“The deputy has been at home for almost a week and is getting better,” Kirby said.
Ten inmates at the El Paso County jail were under quarantine for symptoms of an illness, and one is awaiting the results of a COVID-19 test, she said Monday.
The courthouse remains open between 8 a.m. and 2 p.m., under emergency rules meant to stem the spread of the coronavirus. While many attorneys are still showing up to court, several said they are staying home and seeking postponements.
Colorado Springs attorney Joshua Tolini is among those who have continued to practice in the El Paso County Combined Courts, citing the “urgent” need to argue for the release of jailed inmates.
“I am still going to the courthouse if it is a plea that will get somebody out of custody,” Tolini said. “We need to do everything we can to lessen the jail population, because if it is in the jail it is going to be a disaster.”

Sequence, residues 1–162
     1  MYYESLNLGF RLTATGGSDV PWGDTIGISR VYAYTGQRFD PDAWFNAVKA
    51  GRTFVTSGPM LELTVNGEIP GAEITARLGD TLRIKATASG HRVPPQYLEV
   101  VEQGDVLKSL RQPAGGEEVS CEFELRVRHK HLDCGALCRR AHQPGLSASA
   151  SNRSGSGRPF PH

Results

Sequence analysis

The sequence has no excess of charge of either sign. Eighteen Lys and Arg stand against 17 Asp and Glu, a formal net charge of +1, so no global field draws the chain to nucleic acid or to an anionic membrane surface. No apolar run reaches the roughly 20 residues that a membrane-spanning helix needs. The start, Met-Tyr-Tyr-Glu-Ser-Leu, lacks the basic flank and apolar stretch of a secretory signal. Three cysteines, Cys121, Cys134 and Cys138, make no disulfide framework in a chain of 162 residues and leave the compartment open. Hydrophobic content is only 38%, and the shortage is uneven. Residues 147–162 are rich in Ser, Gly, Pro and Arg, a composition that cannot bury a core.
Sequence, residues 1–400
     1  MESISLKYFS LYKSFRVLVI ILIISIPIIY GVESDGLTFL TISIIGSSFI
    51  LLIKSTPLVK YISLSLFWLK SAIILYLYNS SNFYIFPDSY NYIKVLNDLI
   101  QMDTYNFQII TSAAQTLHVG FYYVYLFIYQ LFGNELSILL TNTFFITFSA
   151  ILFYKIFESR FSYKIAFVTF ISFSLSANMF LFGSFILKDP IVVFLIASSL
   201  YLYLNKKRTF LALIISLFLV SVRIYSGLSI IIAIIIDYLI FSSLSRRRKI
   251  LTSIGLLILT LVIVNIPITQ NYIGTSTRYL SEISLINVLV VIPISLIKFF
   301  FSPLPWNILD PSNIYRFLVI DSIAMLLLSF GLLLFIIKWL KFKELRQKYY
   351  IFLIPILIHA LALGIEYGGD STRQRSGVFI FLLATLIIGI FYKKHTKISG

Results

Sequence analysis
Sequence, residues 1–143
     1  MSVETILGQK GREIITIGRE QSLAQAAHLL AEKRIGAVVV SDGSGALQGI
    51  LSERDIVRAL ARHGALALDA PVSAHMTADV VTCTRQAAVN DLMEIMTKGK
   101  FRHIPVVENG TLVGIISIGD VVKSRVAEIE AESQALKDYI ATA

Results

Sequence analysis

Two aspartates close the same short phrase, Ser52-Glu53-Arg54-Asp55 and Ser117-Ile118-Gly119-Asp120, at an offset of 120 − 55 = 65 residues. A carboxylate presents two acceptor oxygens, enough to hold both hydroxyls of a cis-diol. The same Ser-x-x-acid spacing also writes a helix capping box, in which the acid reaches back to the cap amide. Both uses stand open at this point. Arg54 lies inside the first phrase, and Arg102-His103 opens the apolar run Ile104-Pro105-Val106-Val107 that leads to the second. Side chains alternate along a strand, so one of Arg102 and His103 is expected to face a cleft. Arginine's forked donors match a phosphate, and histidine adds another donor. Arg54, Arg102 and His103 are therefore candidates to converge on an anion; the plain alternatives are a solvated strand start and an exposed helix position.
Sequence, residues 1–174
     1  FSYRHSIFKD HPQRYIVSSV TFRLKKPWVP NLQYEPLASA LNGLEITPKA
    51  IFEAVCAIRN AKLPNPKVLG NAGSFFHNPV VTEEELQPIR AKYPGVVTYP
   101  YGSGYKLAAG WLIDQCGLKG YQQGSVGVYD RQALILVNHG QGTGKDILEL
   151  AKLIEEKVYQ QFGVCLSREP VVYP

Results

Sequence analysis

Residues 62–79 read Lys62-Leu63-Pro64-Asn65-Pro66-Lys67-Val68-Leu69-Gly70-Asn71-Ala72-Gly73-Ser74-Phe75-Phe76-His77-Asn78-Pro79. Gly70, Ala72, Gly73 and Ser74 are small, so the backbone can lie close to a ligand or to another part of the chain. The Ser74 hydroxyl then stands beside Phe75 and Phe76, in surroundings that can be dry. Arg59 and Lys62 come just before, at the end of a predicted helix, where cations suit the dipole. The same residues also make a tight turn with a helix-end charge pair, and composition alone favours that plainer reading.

Petitions for the release of jailed inmates because of the risk from the coronavirus have met varying success based on which judge hears the requests and whether prosecutors object, Tolini said. Rulings tend to differ among the courthouse’s 22 felony divisions, he said, although figures weren’t immediately available.
Tolini said some inmates couldn’t be released because of the public safety threat they pose.
The jail’s population is 1,252, down from 1,404 a week earlier, according to sheriff’s records. The decline comes after changes to jail operations amid the threat from COVID-19, Kirby said.
“We have closed down work release and are not accepting writs from other counties. We are experiencing less calls for service as movement within unincorporated El Paso County has decreased,” Kirby said in a statement.
Health officials recommend people keep a “social distance” of at least 6 feet from other people. That’s difficult in a jail setting and is compounded by the poor health of inmates, limits in jail medical care, and the potential for deputies and other jail staff to become sickened.